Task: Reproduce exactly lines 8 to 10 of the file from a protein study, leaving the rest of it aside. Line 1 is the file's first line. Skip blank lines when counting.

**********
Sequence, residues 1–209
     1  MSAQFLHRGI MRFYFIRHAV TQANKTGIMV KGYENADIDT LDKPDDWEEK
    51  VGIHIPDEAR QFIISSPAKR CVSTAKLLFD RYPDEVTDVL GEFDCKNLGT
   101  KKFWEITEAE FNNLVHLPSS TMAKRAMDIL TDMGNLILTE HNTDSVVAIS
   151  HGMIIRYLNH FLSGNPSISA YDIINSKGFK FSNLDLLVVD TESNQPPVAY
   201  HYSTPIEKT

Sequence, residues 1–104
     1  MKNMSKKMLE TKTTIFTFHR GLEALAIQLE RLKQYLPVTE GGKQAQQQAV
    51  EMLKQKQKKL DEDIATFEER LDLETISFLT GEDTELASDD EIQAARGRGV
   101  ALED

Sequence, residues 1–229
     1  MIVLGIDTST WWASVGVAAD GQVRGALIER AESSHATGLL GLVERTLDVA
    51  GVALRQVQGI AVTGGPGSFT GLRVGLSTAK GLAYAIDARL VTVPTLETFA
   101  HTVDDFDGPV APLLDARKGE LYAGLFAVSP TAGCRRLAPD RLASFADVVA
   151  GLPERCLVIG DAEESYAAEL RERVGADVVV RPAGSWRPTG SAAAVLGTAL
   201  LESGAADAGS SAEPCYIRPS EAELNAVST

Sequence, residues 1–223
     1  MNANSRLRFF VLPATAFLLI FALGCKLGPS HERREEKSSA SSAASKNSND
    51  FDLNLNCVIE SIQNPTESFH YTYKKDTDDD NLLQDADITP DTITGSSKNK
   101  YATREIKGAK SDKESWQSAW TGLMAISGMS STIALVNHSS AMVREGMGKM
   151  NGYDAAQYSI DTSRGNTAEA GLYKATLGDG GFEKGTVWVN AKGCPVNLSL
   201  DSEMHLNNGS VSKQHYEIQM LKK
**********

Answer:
     1  MKNMSKKMLE TKTTIFTFHR GLEALAIQLE RLKQYLPVTE GGKQAQQQAV
    51  EMLKQKQKKL DEDIATFEER LDLETISFLT GEDTELASDD EIQAARGRGV
   101  ALED